5. Triston Casas, 1B, Boston Red Sox: Casas might platoon at first base, which would limit his playing time and puts him just behind this clear top four for me. He'll probably only play 1B and DH but has a rare combination of hit, approach and power, with 25-HR upside in an ideal rookie season.
6. Esteury Ruiz, OF, Oakland Athletics: Ruiz is an elite runner who stole 86 bases last year across three levels and has 40-plus SB upside as the likely Opening Day center fielder for the Athletics. He was the headliner of the Sean Murphy trade and, at least on paper, Oakland is the worst team in the American League, so Ruiz will get a lot of opportunities. That said, he might also be limited by a weak offense and his potentially batting ninth.
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7. Ezequiel Tovar, SS, Colorado Rockies:Tovar is a "toolsy" young shortstop who was promoted aggressively last season and also looks set to start the season with an everyday spot near the bottom of the Colorado lineup. He has a shot to put up double figures in both homers and stolen bases. However, he also swings a lot, so there's potential for a slow start that could get him optioned to Triple-A. On the other hand, he's talented enough and has Coors Field on his side. He could get ROY consideration if things fall into place.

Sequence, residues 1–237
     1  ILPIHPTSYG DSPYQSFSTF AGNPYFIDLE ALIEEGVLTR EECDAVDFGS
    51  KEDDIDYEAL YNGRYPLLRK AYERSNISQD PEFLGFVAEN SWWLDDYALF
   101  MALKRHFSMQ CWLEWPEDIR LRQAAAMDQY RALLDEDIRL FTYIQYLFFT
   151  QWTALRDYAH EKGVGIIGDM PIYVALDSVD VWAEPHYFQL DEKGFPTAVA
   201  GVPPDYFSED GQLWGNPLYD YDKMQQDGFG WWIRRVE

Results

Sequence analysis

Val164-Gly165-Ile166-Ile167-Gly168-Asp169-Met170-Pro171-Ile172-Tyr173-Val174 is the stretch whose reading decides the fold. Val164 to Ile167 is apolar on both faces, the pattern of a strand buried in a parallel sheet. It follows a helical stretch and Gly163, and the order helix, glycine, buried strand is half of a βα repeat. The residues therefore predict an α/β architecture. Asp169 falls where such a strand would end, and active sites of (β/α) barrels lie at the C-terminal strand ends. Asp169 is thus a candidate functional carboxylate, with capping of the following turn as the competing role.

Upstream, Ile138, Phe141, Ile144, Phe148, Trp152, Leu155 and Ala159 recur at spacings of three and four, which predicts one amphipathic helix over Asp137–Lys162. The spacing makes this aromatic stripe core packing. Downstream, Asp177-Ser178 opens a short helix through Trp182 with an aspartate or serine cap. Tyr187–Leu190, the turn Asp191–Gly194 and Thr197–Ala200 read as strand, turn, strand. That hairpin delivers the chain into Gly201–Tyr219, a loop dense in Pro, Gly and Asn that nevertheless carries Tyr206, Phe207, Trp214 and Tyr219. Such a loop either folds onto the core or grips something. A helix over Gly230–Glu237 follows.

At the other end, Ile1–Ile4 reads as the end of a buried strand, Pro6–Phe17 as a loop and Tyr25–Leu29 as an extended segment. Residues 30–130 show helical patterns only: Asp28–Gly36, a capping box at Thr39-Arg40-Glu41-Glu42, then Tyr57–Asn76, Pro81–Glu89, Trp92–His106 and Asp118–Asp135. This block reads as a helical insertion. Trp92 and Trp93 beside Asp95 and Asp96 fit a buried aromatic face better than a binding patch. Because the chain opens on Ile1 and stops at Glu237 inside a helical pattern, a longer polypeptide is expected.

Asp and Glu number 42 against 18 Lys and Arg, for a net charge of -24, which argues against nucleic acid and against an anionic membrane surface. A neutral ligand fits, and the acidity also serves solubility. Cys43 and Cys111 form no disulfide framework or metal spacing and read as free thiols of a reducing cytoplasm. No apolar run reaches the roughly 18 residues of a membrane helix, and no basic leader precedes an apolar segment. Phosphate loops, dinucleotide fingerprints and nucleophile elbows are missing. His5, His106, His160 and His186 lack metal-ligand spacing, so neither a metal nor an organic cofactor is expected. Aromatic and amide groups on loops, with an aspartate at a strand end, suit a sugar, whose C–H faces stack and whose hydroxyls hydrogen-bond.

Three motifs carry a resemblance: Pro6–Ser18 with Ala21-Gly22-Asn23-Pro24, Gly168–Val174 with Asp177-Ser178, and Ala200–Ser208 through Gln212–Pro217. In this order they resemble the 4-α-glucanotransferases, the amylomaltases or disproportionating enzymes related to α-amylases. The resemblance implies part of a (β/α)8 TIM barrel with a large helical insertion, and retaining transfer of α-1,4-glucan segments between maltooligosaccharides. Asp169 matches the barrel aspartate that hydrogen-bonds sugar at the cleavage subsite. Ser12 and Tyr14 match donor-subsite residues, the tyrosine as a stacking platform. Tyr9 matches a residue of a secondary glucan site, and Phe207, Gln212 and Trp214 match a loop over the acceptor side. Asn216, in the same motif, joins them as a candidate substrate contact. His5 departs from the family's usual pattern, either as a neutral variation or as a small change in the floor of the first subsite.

8. Miguel Vargas, 2B, Los Angeles Dodgers: Vargas is the next multipositional Dodgers prospect who can really hit. He looks likely to start the season in the lineup as the team's regular second baseman but may get time at all four corner spots as well. He's a fringy defender at all five spots and, if he's not hitting, that will limit his opportunities. Still, he's good enough to hit .280 with 15 homers, so I think the Dodgers will be looking for reasons to get his bat in the lineup.
9. Josh Jung, 3B, Texas Rangers:Jung was set to be a strong ROY candidate last year until he ended up missing most of the season due to shoulder surgery. He's back, and the former top-10 overall pick is penciled in as the everyday third baseman, but there's some risk as his plate discipline regressed when he returned late last year. If things click, he could surpass both a .260 average and 20 homers.